Over the course of the last few weeks, I’ve gotten an opportunity to explore building and publishing Linux virtual desktops using Citrix XenDesktop 7.11. Now, I’m no Linux admin/expert which means configuring all this has been challenging at times even with the resources available on the web. Though the Linux VDA will support Red Hat, SUSE, and CentOS, I chose CentOS as my starting point because it’s free in that it does not require additional licensing to use beyond a 60-day demo period.
With that, my starting point for configuring CentOS 7 with XenDesktop 7.11 was the Citrix blog Installing the Linux VDA on Red Hat or CentOS 6. I highly recommend this blog if you are new to Linux and need a launching pad from which to start your own feasibility testing for publishing Linux via Citrix.
Upon completing the installation of the Citrix VDA and executing ctxsetup to customize the VDA, I waited patiently (2 minute of hitting refresh) for the machine to register with the delivery controller but it never did and so commenced my Linux troubleshooting career.
1. On my Linux workstation, I started a terminal session and ran the command service ctxvda status to see if the VDA service was running:
2. So the VDA service failed to start….but why? Next I reviewed the VDA log file to see a reference to Citrix KB article CTX119736:
Sweet!!!! My solution is waiting for me….all I have to do is find the article and my issue will be resolved very shortly and I’ll be accessing my virtual desktop in no time. BUT, if you try and find CTX119736, you’ll likely encounter the following:
3. Though I couldn’t find CTX119736, the more time I spent looking for it, the basic troubleshooting starting points became somewhat clear and really they are not that much different for Windows hosts….check the time, check the network, check name resolution, etc. What I found going through those steps is that the time, the network and name resolution worked from the Linux workstation side, but the delivery controller could not ping the Linux workstation by name. Looking at DNS on the server side revealed that though the workstation retrieved a DHCP address, a host (A) record was not created for it in DNS, thus the delivery controller could not communicate by name. The DHCP scope options were set to dynamically update DNS records for clients that do not request updates.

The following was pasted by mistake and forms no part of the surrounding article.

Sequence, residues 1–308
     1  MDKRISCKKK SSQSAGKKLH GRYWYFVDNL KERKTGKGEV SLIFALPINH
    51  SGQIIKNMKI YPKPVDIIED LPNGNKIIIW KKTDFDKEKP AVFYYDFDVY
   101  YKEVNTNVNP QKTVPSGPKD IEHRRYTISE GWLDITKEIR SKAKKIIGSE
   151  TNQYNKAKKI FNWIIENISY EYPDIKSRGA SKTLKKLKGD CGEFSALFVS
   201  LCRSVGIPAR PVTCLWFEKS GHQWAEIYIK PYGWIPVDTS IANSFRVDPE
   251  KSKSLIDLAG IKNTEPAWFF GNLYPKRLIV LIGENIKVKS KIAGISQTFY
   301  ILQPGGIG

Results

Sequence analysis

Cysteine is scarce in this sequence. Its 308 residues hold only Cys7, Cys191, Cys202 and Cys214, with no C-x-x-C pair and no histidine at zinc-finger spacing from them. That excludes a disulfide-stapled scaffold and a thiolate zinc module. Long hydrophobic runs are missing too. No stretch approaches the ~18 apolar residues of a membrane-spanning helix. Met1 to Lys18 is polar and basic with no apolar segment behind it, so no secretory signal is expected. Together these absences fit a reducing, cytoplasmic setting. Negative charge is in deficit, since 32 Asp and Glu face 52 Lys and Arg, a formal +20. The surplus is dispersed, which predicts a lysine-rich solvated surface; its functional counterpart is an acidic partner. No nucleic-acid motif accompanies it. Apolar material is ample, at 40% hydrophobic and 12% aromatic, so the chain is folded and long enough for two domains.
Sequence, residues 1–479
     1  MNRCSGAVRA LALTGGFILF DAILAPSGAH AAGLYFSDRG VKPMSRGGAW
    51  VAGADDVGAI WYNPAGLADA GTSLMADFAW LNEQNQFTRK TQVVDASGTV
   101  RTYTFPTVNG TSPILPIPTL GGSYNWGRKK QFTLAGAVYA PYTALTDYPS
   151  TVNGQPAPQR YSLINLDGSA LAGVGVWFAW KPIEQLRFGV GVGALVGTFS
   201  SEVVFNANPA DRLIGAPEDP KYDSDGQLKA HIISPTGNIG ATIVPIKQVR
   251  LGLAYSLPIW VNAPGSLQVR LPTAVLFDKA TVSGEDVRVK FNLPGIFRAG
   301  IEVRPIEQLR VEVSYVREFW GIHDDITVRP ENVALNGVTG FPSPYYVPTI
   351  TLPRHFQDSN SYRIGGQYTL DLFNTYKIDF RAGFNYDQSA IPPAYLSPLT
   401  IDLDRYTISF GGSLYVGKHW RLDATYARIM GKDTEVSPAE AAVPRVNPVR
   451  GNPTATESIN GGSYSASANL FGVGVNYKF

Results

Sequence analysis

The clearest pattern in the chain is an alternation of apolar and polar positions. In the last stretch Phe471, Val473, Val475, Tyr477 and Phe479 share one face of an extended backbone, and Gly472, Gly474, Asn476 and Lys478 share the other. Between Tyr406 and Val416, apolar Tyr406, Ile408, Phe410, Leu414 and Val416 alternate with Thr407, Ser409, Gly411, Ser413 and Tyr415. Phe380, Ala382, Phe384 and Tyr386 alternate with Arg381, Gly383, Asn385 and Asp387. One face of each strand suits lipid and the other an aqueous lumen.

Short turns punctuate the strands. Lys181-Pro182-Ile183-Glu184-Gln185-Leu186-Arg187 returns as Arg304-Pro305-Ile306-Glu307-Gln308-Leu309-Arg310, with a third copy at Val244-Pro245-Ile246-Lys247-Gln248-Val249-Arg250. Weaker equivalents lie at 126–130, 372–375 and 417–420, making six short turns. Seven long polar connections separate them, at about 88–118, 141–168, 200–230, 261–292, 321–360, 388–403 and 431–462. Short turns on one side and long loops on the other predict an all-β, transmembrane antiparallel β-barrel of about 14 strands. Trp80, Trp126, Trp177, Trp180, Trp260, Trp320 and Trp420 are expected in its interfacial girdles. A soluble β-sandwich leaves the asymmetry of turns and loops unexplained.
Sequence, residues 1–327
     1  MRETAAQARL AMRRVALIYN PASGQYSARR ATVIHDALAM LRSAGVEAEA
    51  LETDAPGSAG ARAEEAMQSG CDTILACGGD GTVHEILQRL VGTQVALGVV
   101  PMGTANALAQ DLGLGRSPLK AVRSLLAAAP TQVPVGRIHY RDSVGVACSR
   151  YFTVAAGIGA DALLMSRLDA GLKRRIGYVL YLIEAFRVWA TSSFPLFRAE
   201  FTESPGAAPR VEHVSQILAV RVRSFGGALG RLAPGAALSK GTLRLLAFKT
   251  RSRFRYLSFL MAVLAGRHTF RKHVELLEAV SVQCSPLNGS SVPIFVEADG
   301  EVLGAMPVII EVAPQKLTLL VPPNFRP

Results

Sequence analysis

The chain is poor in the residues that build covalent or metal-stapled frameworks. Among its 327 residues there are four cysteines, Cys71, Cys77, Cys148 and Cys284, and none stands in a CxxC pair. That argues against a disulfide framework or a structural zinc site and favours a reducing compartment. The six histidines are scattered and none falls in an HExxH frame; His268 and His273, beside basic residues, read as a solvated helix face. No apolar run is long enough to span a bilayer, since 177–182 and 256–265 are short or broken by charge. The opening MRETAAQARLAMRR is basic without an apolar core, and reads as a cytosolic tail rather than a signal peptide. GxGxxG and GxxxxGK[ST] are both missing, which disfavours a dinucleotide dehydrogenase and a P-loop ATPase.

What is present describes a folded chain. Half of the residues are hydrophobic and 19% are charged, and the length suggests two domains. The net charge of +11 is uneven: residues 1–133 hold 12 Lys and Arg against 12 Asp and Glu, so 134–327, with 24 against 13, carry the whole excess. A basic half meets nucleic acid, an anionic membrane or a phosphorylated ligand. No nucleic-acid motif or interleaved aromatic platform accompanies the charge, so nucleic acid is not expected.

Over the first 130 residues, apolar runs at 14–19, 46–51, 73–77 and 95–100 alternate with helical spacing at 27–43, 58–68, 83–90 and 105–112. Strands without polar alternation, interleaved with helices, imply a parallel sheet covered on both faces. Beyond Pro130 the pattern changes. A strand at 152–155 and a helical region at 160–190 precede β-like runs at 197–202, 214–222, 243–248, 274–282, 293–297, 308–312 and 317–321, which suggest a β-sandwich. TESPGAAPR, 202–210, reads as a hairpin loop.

4. I rebooted the Linux workstation and after doing so, the Citrix VDA service started and it successfully registered with the delivery controller.
I was surprised that a name resolution issue kept the ctxvda service from starting altogether and it was one of the last basic options I checked. I figured that if DNS/name resolution was the issue that the ctxvda service on the Linux workstation would start, but that registration would fail. However, when troubleshooting ctxvda service errors from this point forward, name resolution will be my first test.